Purpose: While research has been done comparing rural/urban differences in opioid prescribing to the disabled Medicare Part D population, research on opioid prescribing among the aged Medicare Part D population is lacking. This study aims to fill this gap by exploring the predictors of opioid prescribing to aged Medicare Part D beneficiaries and investigating whether these predictors vary across rural and urban areas. Methods: This is an analysis of ZIP Codes in the continental United States (18,126 ZIP Codes) utilizing 2017 data from Centers for Medicare & Medicaid Services. The analytic approach includes aspatial descriptive analysis, exploratory spatial analysis with geographically weighted regression, and explanatory analysis with spatial error regime modeling. Findings: Both beneficiary and prescriber characteristics play an important role in determining opioid prescribing rates in urban ZIP Codes, but most of them fail to explain the opioid prescribing rates in rural ZIP Codes. Conclusion: We identify potential spatial nonstationarity in opioid prescribing rates, indicating the complex nature of opioid-related issues. This means that the same stimulus may not lead to the same change in opioid prescribing rates, because the change may be place specific. By understanding the rural/urban differences in the predictors of opioid prescribing, place-specific policies can be developed that can guide more informed opioid prescribing practices and necessary interventions.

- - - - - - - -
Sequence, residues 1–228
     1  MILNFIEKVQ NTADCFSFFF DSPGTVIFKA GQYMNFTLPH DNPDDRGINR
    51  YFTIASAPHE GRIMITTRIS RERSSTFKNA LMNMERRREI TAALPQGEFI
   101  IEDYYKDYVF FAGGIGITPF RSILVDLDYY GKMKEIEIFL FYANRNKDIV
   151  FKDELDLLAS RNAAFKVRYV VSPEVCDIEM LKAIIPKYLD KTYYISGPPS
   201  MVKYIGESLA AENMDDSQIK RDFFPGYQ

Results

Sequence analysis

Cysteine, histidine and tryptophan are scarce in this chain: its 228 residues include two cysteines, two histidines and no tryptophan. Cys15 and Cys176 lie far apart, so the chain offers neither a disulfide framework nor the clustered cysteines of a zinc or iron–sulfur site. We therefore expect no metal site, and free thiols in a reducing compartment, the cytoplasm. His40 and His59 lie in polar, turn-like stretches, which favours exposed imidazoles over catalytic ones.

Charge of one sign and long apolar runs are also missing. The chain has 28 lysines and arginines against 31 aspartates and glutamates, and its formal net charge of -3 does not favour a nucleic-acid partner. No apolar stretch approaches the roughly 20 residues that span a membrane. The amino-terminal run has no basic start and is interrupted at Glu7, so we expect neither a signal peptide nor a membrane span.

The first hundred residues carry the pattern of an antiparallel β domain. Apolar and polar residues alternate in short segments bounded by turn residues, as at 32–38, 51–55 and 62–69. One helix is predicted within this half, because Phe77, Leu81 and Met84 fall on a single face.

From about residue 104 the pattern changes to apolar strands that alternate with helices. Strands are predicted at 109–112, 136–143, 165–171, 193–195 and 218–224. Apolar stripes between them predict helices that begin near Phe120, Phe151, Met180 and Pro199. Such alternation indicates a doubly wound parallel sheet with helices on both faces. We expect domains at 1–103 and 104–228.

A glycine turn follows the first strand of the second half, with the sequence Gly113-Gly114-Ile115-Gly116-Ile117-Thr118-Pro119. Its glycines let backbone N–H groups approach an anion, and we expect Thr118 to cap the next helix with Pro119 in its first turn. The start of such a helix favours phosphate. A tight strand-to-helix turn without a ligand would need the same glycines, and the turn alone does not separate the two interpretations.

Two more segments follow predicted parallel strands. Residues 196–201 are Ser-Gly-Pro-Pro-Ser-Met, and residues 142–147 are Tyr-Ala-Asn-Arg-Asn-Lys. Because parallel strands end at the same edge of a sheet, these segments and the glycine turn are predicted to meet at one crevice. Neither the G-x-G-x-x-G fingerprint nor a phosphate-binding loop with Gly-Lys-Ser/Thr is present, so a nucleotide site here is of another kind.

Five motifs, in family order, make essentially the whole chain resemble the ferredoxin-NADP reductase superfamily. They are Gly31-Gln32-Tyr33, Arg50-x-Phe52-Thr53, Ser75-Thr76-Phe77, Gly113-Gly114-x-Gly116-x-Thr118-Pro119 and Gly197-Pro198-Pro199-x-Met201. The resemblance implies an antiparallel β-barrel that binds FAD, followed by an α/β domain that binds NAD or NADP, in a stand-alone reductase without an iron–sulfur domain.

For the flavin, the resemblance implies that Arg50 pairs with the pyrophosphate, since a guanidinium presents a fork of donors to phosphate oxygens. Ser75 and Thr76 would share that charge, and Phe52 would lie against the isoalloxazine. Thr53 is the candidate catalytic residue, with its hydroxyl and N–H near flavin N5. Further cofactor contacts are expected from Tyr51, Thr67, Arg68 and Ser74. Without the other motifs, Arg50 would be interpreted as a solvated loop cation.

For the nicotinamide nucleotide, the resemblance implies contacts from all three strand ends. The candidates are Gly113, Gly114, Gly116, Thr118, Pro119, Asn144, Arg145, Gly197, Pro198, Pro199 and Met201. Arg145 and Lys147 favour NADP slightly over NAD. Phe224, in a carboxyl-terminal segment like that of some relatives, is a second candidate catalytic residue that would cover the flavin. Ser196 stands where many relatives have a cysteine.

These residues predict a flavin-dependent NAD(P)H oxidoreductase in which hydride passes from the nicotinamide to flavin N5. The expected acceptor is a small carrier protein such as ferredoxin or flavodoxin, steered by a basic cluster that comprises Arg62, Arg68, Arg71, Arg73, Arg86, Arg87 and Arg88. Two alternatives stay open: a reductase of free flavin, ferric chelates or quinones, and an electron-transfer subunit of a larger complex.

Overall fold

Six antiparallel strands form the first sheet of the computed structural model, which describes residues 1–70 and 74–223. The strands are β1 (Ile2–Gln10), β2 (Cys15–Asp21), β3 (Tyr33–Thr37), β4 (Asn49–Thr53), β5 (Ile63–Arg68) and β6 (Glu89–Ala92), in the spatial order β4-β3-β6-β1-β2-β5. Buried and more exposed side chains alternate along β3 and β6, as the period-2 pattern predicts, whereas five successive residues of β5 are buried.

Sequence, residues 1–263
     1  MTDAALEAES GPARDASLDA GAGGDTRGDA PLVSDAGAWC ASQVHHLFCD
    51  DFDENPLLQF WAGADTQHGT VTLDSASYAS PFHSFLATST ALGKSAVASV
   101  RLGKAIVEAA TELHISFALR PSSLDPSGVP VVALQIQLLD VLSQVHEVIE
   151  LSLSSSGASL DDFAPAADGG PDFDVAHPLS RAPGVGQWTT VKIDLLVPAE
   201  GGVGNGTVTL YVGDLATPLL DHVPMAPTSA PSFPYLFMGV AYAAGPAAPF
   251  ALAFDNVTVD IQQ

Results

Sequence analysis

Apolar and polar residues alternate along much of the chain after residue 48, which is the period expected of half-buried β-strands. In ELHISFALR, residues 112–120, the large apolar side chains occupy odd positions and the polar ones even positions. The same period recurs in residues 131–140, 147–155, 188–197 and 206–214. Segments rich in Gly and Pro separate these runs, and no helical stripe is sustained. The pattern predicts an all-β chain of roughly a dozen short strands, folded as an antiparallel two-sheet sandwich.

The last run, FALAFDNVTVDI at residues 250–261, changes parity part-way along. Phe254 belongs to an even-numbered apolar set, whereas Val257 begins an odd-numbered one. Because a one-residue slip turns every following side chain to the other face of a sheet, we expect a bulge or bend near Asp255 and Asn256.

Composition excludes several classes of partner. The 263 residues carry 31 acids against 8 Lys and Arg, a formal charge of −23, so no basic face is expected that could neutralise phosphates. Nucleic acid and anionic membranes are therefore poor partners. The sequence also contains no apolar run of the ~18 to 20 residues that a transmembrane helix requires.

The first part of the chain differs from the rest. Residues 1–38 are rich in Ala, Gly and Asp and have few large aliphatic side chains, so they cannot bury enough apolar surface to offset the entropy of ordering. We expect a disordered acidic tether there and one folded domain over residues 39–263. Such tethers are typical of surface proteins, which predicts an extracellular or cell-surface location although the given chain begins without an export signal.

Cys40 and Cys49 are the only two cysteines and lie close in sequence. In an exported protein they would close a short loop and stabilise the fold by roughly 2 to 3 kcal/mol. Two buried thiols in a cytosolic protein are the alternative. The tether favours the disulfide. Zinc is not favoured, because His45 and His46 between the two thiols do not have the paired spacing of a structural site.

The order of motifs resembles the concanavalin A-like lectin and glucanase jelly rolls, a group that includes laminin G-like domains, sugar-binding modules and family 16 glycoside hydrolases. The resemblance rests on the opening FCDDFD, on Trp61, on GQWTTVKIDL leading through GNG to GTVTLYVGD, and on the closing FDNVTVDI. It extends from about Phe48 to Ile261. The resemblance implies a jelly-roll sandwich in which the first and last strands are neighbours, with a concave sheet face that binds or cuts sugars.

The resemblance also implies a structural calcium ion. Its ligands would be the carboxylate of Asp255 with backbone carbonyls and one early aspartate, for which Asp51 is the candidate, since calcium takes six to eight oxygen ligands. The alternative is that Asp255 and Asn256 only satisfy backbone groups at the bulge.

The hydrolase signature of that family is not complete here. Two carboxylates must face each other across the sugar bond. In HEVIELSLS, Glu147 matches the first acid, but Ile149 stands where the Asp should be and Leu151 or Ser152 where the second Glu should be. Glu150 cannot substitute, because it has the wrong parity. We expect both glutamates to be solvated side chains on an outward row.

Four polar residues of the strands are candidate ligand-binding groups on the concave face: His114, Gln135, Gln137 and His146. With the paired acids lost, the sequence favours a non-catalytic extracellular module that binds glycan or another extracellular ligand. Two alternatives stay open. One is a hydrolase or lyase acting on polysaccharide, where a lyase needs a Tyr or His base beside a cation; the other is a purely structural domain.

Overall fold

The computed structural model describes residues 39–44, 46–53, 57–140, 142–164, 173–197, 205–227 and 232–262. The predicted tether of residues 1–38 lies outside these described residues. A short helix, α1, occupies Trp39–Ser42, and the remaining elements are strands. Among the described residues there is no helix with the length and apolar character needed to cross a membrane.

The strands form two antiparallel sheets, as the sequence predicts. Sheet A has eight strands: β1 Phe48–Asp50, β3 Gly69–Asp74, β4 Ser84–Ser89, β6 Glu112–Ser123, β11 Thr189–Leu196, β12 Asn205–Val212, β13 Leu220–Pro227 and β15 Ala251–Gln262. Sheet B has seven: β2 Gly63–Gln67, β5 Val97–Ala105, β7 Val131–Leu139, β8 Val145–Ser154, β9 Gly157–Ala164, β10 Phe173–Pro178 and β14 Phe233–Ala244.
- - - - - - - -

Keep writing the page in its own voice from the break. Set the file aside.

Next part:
- Medicare Part D
ASJC Scopus subject areas
- Public Health, Environmental and Occupational Health